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Delta cancels 317 flights, vows to drop fewer on Thursday

Delta passengers stand in line at Salt Lake

Delta passengers stand in line at Salt Lake City International Airport in Salt Lake City on Tuesday, Aug. 9, 2016, as the carrier recovers from a global computer outage on Monday. Credit: AP / Rick Bowmer

Delta Air Lines said passengers should encounter fewer canceled or delayed flights Thursday as it labors to fully restore its schedule after a power outage this week grounded all service.

“We expect to see continued improvement Thursday and will have an update in the morning,” Delta spokeswoman Elizabeth Wolf said by email.

On Wednesday, the airline said it canceled 317 flights, though about two-thirds of the 3,100 flights that took off left within 30 minutes of their scheduled departure time.

“Canceled flights have declined as the airline moves closer to returning to normal operations,” the airline said in a statement Wednesday.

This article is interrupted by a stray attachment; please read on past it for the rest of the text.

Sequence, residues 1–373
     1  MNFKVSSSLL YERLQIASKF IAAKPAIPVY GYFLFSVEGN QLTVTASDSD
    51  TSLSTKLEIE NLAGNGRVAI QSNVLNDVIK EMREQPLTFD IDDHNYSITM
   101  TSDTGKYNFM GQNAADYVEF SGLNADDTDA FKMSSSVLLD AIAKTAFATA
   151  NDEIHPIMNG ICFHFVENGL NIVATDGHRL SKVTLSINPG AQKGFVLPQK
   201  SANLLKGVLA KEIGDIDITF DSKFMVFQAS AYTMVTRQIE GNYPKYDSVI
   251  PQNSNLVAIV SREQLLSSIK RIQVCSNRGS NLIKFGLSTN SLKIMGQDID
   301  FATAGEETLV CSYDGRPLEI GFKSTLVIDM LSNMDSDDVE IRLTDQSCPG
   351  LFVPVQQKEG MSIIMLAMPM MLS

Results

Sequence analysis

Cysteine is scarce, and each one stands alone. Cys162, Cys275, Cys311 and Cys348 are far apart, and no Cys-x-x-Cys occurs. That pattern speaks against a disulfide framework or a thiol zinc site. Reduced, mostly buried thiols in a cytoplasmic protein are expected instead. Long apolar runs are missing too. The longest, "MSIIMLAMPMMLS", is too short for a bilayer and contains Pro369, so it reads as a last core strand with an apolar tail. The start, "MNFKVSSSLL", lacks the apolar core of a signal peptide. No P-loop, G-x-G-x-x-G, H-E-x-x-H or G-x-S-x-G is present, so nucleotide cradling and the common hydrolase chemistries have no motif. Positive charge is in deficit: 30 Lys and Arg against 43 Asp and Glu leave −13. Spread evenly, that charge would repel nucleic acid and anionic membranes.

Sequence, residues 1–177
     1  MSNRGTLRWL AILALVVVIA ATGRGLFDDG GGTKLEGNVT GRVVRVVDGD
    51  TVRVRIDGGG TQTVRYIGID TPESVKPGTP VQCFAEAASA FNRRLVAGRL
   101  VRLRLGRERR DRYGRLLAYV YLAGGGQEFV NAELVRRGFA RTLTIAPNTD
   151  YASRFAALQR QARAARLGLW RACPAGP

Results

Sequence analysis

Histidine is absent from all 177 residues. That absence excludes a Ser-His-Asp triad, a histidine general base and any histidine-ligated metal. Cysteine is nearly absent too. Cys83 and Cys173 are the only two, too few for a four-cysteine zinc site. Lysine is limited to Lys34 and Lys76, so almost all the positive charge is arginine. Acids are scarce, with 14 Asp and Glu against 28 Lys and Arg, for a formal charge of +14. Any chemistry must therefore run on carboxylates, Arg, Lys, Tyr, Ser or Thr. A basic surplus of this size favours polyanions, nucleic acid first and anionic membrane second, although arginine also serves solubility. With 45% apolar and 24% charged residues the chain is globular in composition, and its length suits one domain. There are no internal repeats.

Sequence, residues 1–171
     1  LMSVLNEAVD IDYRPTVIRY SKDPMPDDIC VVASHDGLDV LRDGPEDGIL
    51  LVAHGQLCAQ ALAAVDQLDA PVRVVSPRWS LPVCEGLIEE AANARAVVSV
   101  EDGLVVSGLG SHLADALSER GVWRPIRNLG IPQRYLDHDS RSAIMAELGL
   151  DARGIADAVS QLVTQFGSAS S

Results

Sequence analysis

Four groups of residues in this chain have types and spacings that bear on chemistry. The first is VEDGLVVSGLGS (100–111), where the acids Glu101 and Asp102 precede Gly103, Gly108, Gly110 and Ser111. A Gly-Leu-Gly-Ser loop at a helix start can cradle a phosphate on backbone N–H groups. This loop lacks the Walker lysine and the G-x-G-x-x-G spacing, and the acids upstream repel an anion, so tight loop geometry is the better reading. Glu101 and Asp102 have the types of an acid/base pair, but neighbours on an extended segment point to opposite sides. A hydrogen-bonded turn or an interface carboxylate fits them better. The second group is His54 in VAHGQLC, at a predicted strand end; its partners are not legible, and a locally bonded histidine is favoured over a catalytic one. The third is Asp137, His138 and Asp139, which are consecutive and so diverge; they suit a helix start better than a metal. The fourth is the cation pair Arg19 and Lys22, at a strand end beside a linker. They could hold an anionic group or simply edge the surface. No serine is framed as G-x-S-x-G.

More than 1,000 flights were canceled Monday after Delta’s Atlanta headquarters lost power at 2:30 a.m., causing extensive problems with its computers that rippled through its systems for three days in a row.

Countless stranded passengers have had to cope with canceled or delayed trips.

Wolf said the computer problems drove Wednesday’s delays, though she said, the airline had warned of possible weather delays that morning.

At Kennedy Airport, Delta canceled eight flights and delayed 94, according to FlightAware, an internet tracking service. The delays amounted to 30 percent of its flights.

A total of 15 flights were canceled at LaGuardia Airport and 49 were delayed. The delays worked out to 32 percent of the scheduled flights.

The airline is offering $200 in travel vouchers to any customer whose trip was delayed more than three hours or whose flight was canceled. Delta said it gave hotel vouchers to several thousand customers, including more than 2,000 on Monday night in Atlanta.

More than 40 leisure passengers, frequent fliers and business travelers caught a break on the last leg of their trips.

Delta said it enlisted its wholly owned subsidiary, Delta Private Jets, to send those passengers from Atlanta to airports from Kennedy Airport to Los Angeles, using Porsches to ferry them from the Atlanta airport to the Delta Private Jets aircraft.

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